From the very beginning, Up has all the promise of a masterpiece. The first eleven minutes, detailing Carl and Ellie’s life together, have been rightfully hailed as a high point in animation history. The rest of the film is similarly brilliant, just in a very different way from most of Pixar’s canon, contrasting the beautiful opening with utter cartoonish wackiness.
Like WALL-E, Up is rather controversial for me. I consider it another Pixar classic, worthy of its Oscar nomination for Best Picture, while my VC was left cold. She certainly enjoyed everything pertaining to Ellie but felt the random inclusion of a giant “snipe” (my dad once fell for that same snipe joke) and talking dogs was just too silly to swallow. She also has poked holes in the plot, such as the fact that Muntz was still alive, since he must have been in his nineties; maybe he found the fountain of youth down in South America, or the Holy Grail. While the film was unique for featuring an elderly protagonist, even I have to admit that Carl’s and Muntz’s athleticism toward the end did strain credulity. While these issues sadly spoiled the film for her, I can overlook them with the help of Coleridge’s famous concept, the suspension of disbelief. Some people got it; some don’t.
I have more of an issue with Russell’s thin attachment to the giant bird he names “Kevin.” The relationship doesn’t seem to be any deeper than that of an owner and pet, yet Russell is willing to risk his life for the pet he found days before. What’s more, he blames Carl for “giving her away” when he did no such thing. Considering the situation, Muntz would have captured the bird regardless of Carl’s actions, so Russell’s guilt trip seemed unjustified and unfair.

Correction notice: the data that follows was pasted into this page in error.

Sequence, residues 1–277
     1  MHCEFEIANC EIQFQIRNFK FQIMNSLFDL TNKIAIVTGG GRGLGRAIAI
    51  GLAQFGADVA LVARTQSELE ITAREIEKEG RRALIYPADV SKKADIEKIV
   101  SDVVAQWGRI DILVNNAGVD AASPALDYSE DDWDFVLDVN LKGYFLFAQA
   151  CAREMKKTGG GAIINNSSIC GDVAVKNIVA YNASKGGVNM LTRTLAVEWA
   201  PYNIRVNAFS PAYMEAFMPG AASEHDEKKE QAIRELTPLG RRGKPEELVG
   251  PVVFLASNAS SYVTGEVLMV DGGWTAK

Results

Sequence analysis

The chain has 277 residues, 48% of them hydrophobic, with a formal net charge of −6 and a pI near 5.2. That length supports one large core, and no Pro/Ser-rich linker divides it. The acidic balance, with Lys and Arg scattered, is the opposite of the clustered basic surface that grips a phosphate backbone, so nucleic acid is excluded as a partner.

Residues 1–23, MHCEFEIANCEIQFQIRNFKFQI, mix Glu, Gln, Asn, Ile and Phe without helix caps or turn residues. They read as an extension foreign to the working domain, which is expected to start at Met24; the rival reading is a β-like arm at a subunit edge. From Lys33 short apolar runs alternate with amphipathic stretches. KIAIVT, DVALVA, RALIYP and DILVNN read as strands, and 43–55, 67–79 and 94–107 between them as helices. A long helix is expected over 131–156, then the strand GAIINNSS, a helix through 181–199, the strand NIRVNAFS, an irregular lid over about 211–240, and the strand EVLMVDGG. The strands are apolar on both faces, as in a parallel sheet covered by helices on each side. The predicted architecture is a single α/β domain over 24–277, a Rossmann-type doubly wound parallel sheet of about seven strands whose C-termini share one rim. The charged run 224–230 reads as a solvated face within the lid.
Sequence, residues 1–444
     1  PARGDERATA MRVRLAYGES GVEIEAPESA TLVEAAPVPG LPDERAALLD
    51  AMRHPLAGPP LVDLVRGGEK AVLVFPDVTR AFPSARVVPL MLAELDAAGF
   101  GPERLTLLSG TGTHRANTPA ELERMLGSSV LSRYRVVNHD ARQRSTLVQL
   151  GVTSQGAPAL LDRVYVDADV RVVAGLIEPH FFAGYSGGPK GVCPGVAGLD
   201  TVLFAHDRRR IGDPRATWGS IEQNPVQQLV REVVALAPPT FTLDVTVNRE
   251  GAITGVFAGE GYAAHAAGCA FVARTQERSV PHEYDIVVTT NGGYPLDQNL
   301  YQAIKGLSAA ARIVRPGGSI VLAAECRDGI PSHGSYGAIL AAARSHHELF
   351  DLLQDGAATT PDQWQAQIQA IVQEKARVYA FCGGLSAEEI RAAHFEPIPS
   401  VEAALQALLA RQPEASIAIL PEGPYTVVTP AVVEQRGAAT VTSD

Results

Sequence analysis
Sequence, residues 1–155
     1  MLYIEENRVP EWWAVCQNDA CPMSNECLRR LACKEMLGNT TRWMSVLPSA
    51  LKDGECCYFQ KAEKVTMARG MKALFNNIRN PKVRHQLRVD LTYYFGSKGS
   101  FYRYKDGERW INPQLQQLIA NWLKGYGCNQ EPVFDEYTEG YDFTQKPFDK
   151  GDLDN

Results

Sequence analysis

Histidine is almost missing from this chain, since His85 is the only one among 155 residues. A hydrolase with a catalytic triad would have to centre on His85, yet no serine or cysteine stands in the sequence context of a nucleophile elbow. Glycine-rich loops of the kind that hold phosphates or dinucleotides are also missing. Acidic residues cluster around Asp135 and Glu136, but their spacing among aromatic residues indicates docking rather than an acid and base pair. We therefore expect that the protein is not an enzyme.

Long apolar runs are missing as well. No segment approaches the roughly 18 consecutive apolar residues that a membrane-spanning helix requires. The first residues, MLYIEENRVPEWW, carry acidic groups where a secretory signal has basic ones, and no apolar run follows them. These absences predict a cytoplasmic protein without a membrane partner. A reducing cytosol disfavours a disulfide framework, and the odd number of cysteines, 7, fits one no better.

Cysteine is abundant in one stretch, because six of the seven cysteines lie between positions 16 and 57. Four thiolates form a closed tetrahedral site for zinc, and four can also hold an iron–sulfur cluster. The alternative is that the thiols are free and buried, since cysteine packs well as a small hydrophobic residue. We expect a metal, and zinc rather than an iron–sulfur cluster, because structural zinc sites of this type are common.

All right, now that I got that out of my system, I’ll mention the gorgeous animation, the excellent voice acting (led by Ed Asner as Carl, Christopher Plummer as Muntz, and Bob Peterson as the squirrel-distracted dog Dug), the high-flying action sure to give someone acrophobia, and Michael Giacchino’s buoyant score. The main idea of a mobile dwelling that ends up damaged and abandoned may have been borrowed from Howl’s Moving Castle, of which director Pete Docter directed the English translation as well, but the plot is otherwise wholly original and frequently inspired.
Up isn’t quite on par with Pixar’s greatest work, but it’s an animated gem that earns both laughs and tears and has a timely message about life’s real adventures that tugs my heartstrings every time.
Best line: (Russell, after describing a simple pleasure he had with his dad) “That might sound boring, but I think the boring stuff is the stuff I remember the most.”Artistry: 9 Characters/Actors: 7 Entertainment: 7 Visual Effects: 10 Originality: 9 Watchability: 7 Other (aforementioned issues): -3 TOTAL: 46 out of 60
Next: #163 – Enchanted
© 2014 S. G. Liput
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